This seems odd to me. What will regulators think of next? Will they ban actual snot?
The BBC explains the risk in an article humorously called “DVLA says ‘offensive’ SN07 number plates are snot allowed“.
The change means that cars registered in the capital are the only ones in Scotland not to begin with an S.
A DVLA spokesperson said the decision to change the plates was taken to avoid offending car buyers in the capital.
She added: “It is our policy that any registration mark that can be construed as being offensive to people will be suppressed.
“In this case, the SN07 marks would have been too similar to the word ‘snot’ and, as that could possibly offend some buyers, they were replaced with new TN07 registrations.”
Snot is really offensive to people? Another story by the BBC suggests the opposite, that poetry about snot is a good way to help children learn about health and medicine. Yes, poetry about snot:
North London GP Nick Krasner, has harnessed the fascination for all things “icky” to entertain and educate.
In ‘Oozing Medical Poems’ he tackles the issues of bugs, appendicitis and personal hygiene through 11 poems aimed at seven to 11-year-olds.
How offensive. Well, at least now plates from Scotland will be harder to identify. Wait, wasn’t that the point of the S?
Maybe they should have changed the N instead of the S? Is SP07 offensive to anyone? What about SC07?
Meanwhile, in American news, a federal judge has ruled that the state of Illinois is required to offer license plates with controversial political slogans:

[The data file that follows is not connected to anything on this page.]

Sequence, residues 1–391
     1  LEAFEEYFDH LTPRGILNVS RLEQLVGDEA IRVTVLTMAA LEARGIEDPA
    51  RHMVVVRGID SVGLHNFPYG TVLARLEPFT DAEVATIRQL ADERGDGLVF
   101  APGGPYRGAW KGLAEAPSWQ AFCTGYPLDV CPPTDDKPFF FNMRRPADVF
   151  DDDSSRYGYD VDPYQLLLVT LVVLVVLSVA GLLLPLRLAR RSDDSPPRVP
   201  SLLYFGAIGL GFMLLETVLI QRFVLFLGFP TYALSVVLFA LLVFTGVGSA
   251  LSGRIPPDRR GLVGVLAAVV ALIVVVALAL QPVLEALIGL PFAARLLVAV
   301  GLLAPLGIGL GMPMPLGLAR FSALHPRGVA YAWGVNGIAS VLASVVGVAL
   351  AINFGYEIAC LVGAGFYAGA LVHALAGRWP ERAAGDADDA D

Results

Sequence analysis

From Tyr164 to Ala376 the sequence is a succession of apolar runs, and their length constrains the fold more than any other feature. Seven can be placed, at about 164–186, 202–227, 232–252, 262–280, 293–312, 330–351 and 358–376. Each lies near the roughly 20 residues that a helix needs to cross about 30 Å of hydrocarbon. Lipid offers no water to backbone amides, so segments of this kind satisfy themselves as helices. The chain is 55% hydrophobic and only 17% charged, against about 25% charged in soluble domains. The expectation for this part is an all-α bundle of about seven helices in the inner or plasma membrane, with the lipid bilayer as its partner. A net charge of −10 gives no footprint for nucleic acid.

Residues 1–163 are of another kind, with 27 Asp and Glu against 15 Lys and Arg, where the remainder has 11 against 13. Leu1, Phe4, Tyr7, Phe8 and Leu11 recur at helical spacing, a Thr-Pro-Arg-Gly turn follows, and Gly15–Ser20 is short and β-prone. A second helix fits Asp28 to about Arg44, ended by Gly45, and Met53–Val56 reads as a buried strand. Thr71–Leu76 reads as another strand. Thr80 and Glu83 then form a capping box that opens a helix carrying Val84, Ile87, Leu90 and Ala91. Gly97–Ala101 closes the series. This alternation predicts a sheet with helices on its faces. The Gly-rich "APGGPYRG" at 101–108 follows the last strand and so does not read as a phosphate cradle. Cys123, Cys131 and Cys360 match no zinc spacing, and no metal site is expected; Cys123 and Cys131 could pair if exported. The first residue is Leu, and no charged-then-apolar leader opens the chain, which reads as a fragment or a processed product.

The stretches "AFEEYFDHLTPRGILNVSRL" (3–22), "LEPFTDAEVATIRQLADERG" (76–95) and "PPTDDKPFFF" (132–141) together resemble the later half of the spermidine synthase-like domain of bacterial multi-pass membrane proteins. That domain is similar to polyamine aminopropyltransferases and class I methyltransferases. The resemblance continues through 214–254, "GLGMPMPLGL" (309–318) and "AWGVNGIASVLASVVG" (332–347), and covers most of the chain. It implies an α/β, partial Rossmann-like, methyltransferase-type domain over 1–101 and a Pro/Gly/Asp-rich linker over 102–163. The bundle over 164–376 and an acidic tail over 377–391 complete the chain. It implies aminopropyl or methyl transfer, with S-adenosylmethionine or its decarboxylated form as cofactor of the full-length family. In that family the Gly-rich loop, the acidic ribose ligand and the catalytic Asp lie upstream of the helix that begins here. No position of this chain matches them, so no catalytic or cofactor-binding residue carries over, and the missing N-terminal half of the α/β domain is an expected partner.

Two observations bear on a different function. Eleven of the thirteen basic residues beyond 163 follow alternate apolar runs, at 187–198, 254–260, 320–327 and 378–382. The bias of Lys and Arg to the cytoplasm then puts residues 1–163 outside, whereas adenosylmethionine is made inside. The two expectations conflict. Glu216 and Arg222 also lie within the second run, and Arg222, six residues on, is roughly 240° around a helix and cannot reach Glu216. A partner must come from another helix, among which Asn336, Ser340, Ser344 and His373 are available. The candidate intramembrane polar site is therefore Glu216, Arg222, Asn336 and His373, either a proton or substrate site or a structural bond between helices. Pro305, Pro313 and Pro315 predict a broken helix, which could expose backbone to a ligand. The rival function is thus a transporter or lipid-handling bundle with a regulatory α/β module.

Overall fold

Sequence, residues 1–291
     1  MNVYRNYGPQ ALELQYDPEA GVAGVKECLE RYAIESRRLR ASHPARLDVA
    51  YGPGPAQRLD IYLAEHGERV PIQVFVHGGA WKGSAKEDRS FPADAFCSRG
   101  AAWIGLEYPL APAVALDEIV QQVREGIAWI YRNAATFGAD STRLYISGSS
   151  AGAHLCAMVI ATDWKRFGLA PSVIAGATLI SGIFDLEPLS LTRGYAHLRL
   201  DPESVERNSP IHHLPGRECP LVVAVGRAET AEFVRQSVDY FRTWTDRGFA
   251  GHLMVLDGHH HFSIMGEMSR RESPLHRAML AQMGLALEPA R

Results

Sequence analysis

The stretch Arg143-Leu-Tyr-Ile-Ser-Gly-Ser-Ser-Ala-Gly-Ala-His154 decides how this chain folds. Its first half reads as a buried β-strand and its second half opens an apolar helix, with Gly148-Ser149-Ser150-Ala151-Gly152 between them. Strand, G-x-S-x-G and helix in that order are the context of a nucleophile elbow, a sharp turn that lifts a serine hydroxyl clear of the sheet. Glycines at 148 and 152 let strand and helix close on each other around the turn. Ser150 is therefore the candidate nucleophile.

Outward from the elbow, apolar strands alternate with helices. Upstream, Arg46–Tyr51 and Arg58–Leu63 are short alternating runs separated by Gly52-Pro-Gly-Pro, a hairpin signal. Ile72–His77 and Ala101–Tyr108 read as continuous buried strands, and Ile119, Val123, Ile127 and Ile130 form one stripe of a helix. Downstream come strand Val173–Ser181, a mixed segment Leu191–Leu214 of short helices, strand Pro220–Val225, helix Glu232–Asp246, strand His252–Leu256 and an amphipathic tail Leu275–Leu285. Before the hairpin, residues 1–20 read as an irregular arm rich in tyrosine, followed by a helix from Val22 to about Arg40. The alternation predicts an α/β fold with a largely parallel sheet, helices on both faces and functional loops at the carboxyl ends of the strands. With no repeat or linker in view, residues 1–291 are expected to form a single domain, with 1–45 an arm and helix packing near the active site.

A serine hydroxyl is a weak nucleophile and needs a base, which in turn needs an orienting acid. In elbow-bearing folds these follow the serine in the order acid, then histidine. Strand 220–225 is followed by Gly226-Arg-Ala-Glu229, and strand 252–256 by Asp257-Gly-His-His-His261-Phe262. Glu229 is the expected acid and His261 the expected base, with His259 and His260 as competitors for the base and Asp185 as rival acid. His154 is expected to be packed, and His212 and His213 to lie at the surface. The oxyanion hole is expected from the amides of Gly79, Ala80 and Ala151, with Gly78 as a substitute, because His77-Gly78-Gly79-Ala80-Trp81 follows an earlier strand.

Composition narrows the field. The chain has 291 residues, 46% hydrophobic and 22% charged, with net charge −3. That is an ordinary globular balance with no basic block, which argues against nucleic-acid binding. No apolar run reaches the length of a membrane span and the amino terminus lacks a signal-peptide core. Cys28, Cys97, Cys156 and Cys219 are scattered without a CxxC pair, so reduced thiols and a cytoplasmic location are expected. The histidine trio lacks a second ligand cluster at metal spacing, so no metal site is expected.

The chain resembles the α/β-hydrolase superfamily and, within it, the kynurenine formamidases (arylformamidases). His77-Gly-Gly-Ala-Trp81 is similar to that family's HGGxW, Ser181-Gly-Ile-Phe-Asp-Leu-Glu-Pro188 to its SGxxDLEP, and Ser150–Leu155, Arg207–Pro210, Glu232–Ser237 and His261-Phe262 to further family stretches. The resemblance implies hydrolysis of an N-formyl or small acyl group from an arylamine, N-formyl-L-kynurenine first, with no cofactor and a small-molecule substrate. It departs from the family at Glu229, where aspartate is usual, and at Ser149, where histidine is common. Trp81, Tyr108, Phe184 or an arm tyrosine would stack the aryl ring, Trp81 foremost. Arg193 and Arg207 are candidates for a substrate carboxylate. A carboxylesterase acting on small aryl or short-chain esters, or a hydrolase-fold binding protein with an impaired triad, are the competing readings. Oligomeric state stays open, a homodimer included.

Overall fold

A federal judge yesterday ordered state officials to offer license plates with the pro-adoption motto “Choose Life,” brushing aside claims that the slogan is really a thinly disguised anti-abortion message.
No, that’s not an anti-abortion plate. It’s an anti-war message. Maybe the pro-life lobby will push for a plate that says “If you’re running on gasoline, you just killed a marine.” Too controversial? To be clear the plate perhaps should read “choose life, unless it gets in the way of oil and pride, then shoot freely”.
Former state Sen. Patrick O’Malley, R-Palos Park, another sponsor, said in a telephone interview last night that it made no difference even if “Choose Life” did represent an anti-abortion slogan.
“Does that make it bad?” O’Malley said. “Whether it is or it isn’t you should still be allowed to express yourself.”
O’Malley clearly does not have a problem with SN07 on his ID. I guess he would also support the MPEACHW plate owner who is being asked by the state of South Dakota to surrender her personalized ID. The Rapid City Journal explains:
State law declares motor vehicle licenses plates to be the property of the state as long as the plates are valid. The law also allows personalized plates with as many as seven letters for an extra $25 fee. But it gives DMV officials the right to refuse to issue â€œany letter combination which carries connotations offensive to good taste and decency.â€?
Hillmer said MPEACHW meets that criterion. The plates never would have been issued if DMV officials had caught their meaning at the time Moriah applied, Hillmer said.
â€œThis was one that we apparently missed when it came through originally, and we received a complaint from an individual that found it offensive,â€? she said, declining to identify the individual or provide the contents of the complaint. â€œI donâ€™t think we ever would have issued it if weâ€™d have picked up on what it was inferring.â€?
So there you have it. A manual process, perhaps a mere individual, sitting and looking at untold license plate applications and trying to decipher meanings to protect the public from harm. Is that person a trained linguist? A code analyst? Will computers be increasingly used to search a database for offensive patterns? The concept of a state-owned identity that can be personalized presents interesting cross-section of philosophy, security and technology.